Every day, everywhere, people need to eat. In the Democratic Republic of Congo (DRC), this often means preparing fufu, a mixture of cassava flour and cornmeal stirred into boiling water over a source of heat. And that heat, in most cases, comes from charcoal or firewood, both extracted from Congolese forests. Although solar panels can be seen here and there on the thatch roofs of tiny villages and in the courtyards of modern homes powering lightbulbs and charging phones, cooking requires stronger and steadier heat.
“My first choice is charcoal,” said Alpha Mweme, a young woman in the town of Nioki in Mai Ndombe Province. One bag of charcoal lasts her family one month. “If I can’t afford charcoal, I look for firewood. And if I don’t have wood, I can’t cook.”
To reverse the trend and better protect DRC’s forests would require a tremendous leap in clean cooking technologies and an exponential increase in access to energy; the kind of energy that can support income-generating productive activities in villages and small towns. In the meantime, it’s critical to take an integrated approach that recognizes people’s needs, reduces deep poverty, and preserves resources for the future.
World Bank Country Director for DRC
In Mai-Ndombe Province, that approach is championed by the Integrated REDD+ project, known as PIREDD/Mai-Ndombe, implemented by the Ministry of the Environment and Sustainable Development since 2018 with support from the World Bank and financing from the multi-donor Central African Forest Initiative (CAFI) and the Global Environment Facility (GEF). Rather than pitting people against trees, or development against the environment, the six-year project seeks to tackle the energy poverty and low agricultural yields at the root of most deforestation.
To date, the project has:
facilitated the design of 480 land use plans validated by local development committees;
generated 4,325 hectares of agroforestry plantations combining a range of crops and trees that create additional income for the communities;
set aside nearly 10,000 hectares of savanna and 2 194 hectares of forest for fire protection and natural regeneration, increasing vegetation, biodiversity, and carbon storage;
rewarded the efforts of project participants with $1.7 million in payments for environmental services.
In Konkia, a rural community outside of Nioki, a new 81-hectare acacia tree plantation established in the open savanna stretches as far as a drone’s eye can see. Combining environmental and economic benefits, it’s emblematic of the project’s people-centered philosophy.
In the plantation’s first year, cassava was intercropped with acacia seedlings to demonstrate the benefits of growing crops in the open savanna. “Farmers were skeptical at first,” conceded Jean Claude Muwo, an agronomist working for the Ministry of Environment and the PIREDD/Mai-Ndombe project, “because people are used to farming in the forest.” But the higher yields and stronger pest resistance of the cassava variety introduced in the savanna has begun to make converts. The hope is that more farmers will abandon slash and burn agriculture in forest areas, a practice that provides an initial fertility boost for crops in the first couple of years after trees are cleared but contributes to significant deforestation in DRC.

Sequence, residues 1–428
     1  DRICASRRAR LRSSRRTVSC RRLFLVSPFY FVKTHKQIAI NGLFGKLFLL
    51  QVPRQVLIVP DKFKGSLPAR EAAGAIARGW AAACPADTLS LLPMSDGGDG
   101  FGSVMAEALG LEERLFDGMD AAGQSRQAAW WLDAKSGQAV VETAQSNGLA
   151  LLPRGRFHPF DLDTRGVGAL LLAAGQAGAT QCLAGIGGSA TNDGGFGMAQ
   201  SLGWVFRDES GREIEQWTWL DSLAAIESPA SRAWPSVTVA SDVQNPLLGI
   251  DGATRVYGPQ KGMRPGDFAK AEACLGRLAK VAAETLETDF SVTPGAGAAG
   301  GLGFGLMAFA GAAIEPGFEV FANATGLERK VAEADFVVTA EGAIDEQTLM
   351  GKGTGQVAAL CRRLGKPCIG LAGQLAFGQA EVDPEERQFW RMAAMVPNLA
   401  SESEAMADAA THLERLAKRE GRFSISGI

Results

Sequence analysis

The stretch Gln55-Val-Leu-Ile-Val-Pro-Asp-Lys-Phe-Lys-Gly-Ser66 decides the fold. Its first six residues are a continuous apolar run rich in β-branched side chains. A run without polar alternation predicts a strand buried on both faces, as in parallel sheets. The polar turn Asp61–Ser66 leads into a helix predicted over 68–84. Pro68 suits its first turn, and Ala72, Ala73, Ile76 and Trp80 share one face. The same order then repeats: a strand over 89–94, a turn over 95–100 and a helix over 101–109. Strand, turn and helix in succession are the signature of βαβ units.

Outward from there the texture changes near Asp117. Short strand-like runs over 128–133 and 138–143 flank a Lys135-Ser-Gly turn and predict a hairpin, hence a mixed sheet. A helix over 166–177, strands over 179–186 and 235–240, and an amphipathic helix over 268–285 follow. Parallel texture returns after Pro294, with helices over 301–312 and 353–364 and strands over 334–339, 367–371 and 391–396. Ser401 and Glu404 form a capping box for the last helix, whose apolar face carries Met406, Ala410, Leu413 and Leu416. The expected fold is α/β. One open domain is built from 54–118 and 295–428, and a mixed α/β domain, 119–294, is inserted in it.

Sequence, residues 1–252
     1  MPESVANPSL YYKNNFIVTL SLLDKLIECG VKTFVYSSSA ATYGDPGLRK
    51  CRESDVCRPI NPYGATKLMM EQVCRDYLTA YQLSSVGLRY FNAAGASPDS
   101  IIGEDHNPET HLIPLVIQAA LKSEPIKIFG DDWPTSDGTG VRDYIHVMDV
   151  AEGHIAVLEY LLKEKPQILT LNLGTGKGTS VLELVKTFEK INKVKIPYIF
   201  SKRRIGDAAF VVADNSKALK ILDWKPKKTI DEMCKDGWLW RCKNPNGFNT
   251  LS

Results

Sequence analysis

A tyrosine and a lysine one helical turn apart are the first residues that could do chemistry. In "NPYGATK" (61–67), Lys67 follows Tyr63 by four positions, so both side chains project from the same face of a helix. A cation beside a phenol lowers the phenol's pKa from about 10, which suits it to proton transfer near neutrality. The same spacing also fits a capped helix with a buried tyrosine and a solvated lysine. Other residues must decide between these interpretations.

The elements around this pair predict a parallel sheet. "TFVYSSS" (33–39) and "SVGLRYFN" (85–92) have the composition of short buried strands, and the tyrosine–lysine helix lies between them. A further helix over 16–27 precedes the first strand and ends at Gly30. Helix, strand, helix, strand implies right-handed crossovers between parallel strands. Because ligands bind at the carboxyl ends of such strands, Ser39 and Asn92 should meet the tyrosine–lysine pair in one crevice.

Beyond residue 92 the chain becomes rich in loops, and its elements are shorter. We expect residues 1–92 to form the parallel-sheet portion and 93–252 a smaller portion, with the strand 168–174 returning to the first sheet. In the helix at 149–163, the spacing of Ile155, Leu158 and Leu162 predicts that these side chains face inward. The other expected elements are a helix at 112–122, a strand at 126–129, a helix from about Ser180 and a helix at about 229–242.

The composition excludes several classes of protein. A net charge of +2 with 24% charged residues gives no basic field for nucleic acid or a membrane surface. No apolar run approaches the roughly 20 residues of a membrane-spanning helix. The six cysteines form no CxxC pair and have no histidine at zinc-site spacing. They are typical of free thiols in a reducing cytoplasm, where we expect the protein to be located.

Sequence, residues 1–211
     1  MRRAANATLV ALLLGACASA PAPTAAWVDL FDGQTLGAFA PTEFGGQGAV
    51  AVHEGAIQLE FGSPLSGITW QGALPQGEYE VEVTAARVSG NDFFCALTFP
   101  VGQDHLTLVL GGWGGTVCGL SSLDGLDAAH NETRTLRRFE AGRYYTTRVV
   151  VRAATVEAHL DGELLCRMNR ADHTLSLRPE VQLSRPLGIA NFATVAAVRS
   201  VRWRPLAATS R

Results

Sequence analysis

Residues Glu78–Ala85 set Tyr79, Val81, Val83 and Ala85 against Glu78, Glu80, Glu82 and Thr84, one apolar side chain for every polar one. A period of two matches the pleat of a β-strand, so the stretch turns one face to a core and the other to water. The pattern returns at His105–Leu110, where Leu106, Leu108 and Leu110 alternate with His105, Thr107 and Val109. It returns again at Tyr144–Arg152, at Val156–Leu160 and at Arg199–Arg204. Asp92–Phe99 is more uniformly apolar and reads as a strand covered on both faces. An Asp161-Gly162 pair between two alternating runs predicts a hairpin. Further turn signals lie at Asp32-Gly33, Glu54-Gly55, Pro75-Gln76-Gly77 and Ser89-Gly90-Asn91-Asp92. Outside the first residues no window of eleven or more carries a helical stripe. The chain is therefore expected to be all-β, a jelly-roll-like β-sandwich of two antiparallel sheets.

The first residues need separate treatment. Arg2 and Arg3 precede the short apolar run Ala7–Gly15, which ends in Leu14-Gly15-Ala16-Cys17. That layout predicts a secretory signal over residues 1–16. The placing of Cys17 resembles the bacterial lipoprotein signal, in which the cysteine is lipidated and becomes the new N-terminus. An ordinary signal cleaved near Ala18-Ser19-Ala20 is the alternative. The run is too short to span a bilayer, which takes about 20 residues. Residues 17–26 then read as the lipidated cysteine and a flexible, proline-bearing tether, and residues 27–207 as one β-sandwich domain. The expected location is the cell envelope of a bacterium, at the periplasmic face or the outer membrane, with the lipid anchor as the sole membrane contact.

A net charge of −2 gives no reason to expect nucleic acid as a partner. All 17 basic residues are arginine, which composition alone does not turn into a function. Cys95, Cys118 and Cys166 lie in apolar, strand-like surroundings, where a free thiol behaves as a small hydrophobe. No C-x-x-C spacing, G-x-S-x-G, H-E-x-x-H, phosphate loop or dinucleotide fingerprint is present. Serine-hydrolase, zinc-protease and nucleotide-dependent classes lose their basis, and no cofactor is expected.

The plantation’s acacia trees, now two and three years old, already provide shade and a favorable habitat for the return of mushrooms, berries, and antelopes on once marginal land. Villagers also scour the undergrowth for wild cassava leaves and caterpillar that provide nutrition during the dry season. And once the trees reach maturity – typically after seven years – they will be harvested to produce charcoal.
“One hectare of acacia forest contains 1,100 trees that can yield about 500 bags of charcoal,” said Muwo. If the 81 hectares of acacia continue to be well managed, protected from fires, and replenished, this production could provide significant incomes over time and contribute to reducing the pressure on natural forests by meeting energy demand in a more sustainable manner. They are a promising part of the “nature-based solutions” to slow climate change which are the focus of global attention at COP27 this week.
Deforestation and forest degradation are also taking a toll locally, calling for urgent national attention. Forest loss is visible in the daily outflow of wood carted off on backs and bicycles, from the receding forest near Inongo. It’s also tangible for hunters in Mombokonda, home to roughly 750 people who identify as Indigenous People, about 12 km north of Inongo, the capital of Mai-Ndombe province.
“In the past, we lived right next to dense forest. We would already have seen some game by now,” commented Jacques Bokolo, the secretary of the local development committee, as a small group of hunters and dogs made their way through forest regrowth, vines, and bushes to check on animal traps. “Animals have withdrawn to the marshy forest areas where people can’t farm and there is less fire and less noise.”
As a result, villagers have requested help with permanent structures to raise small livestock – ducks, goats, pigs, and bees – in a departure from their customary way of life. The structures, still unfinished, represent a realization that the forest can no longer meet all their needs.
“I grow corn, beans, cassava, eggplants, amaranth, squash…” said Nzako Ilanga, rattling off the list of crops she grows in the burned field in the forest near the same village. “I sell part of the crops to face expenses but it’s often not enough to buy things like soap and clothes. I also help family members when they have a problem,” says the mother of seven children, “so I often go without food.”